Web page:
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The Book Thief by Markus Zusak

24 Dec
The Book Thief

The Book Thief (Photo credit: Wikipedia)

This was recommended to me by my boss at work and as we wouldn’t usually share similar tastes in anything in life I wasn’t convinced that I would enjoy it. However it proves that we do have something in common after all as this is really a brilliant novel. It’s just so original and different it kept me hooked the whole way through!

First of all this book is written from the Death’s point of view. As in, Death is an actual being with feelings and emotions and not the type of feelings you would think that Death would have. He isn’t this Grim Reaper, scythe-holding, black-robe-wearing boogeyman but just a person with a tough job. A job that probably was never as tough as during World War II which is the time period this book is set in. By the end of this book you will empathise and, funnily enough, fall a little in love with Death.

He follows a young German girl, Liesel, throughout a number of her younger years. She is an amazing little girl who unfortunately meets Death along her travels throughout the book much too often for someone so young. Liesel was one of those characters that you want to be when you grow up even though she’s about ten years younger than me. She experiences so much pain and troubles in her early years but remains strong and positive throughout. As a young girl living in Nazi Germany she questions the new ideals and views that are being pushed upon her. For someone so young she had the Nazis figured out way before a lot of older and supposedly wiser people did.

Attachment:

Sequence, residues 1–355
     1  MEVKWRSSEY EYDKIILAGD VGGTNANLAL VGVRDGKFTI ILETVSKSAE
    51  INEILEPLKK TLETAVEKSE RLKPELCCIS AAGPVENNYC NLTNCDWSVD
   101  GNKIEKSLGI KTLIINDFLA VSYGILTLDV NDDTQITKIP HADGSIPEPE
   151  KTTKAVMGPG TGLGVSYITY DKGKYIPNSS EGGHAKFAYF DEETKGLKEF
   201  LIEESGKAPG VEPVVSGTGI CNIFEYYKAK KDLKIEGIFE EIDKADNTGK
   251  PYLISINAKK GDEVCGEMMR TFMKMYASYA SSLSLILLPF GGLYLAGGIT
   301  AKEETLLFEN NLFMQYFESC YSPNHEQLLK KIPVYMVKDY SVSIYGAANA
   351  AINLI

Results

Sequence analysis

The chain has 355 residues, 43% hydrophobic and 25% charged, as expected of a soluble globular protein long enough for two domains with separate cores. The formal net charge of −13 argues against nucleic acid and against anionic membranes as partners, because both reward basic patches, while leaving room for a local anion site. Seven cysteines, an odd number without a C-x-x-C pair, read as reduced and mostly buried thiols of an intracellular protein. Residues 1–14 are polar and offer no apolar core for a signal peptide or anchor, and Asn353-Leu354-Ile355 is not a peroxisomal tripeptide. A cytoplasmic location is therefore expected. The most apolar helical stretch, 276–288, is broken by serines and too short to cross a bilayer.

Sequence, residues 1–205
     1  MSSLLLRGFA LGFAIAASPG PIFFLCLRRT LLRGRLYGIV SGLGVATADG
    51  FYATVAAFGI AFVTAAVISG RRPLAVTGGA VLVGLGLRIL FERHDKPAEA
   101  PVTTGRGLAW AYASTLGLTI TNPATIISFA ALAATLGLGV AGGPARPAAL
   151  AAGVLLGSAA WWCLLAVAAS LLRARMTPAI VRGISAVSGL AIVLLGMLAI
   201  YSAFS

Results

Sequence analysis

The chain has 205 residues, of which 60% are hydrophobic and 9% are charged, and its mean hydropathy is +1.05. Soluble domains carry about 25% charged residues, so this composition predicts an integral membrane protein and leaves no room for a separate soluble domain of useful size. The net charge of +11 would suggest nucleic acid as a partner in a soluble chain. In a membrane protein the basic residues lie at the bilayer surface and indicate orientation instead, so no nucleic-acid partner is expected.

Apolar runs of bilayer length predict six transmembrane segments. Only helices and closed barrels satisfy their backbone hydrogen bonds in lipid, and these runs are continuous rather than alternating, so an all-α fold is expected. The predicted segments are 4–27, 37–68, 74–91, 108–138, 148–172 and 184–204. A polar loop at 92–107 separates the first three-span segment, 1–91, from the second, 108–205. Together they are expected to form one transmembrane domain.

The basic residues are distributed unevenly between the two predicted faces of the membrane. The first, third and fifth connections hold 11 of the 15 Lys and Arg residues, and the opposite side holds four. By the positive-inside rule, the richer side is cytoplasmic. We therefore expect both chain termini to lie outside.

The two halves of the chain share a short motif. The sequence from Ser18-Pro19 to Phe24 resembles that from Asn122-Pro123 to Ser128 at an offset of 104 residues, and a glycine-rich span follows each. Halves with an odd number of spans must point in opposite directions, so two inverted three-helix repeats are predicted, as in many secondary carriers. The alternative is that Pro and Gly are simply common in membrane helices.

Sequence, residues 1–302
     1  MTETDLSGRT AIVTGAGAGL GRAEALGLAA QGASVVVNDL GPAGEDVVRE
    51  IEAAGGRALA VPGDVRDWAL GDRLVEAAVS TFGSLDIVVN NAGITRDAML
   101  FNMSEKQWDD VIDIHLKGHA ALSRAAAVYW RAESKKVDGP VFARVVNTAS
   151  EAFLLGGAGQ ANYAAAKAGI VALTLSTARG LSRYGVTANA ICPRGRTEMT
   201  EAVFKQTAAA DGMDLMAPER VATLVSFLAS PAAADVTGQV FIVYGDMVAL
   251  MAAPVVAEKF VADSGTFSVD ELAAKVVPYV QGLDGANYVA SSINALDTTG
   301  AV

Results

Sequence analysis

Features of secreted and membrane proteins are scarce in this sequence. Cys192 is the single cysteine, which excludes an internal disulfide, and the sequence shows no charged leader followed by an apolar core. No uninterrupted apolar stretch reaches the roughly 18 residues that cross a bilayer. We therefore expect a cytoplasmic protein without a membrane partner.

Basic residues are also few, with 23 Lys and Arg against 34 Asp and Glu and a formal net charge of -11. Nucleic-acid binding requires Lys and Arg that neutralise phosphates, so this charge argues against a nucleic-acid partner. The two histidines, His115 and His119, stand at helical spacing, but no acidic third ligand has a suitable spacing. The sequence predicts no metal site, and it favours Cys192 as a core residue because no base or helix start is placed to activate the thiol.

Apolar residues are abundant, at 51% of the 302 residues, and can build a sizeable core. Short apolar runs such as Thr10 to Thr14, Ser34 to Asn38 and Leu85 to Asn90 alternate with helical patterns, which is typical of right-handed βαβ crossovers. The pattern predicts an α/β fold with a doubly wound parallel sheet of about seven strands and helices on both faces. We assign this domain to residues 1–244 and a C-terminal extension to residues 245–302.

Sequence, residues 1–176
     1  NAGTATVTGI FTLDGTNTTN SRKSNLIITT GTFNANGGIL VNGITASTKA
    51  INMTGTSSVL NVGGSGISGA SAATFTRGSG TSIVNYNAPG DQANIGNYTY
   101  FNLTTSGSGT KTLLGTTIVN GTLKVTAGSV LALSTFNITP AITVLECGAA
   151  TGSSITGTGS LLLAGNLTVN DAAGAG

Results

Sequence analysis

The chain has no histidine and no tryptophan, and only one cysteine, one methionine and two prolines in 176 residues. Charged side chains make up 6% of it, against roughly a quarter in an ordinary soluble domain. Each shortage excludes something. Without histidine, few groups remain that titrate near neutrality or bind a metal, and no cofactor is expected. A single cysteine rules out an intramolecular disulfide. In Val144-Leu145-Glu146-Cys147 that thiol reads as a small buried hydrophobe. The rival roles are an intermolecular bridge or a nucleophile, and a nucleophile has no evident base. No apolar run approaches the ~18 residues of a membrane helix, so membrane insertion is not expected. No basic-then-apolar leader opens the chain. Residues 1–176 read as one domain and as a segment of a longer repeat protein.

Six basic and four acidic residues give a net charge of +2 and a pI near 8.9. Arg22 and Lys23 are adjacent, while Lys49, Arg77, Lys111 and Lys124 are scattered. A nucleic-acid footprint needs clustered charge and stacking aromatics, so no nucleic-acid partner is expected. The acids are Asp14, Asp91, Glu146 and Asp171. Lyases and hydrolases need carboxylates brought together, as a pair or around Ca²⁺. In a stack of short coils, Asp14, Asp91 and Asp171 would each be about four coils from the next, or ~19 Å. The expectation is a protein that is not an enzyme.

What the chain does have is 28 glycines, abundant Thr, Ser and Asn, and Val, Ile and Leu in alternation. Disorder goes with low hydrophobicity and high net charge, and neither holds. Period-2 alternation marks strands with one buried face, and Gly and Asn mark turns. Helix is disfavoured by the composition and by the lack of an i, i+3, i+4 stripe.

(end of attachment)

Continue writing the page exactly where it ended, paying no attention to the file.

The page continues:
There are other lesser characters that are just as gripping. I especially loved Rudy and Max. I was disappointed that Rudy and Liesel didn’t get their day in the sun but the way the author writes the book it’s almost like he’s unapologetic about the fact that there isn’t going to be a stereotypical happy ending for most of the characters. This was strange but quite refreshing and because the book was set during World War II and contained the hidden Jewish man and the terrible reality of war and bombings and Death, you feel like it is justified. There were very little real happy endings happening back then and so why should the author make one up just for the sake of it.

I really enjoyed this book and thought that it was well paced, exciting and kept me hooked the whole way through. And it made me feel a little sorry for Death, which was weird.

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Posted by on December 24, 2012 in Book Review

 

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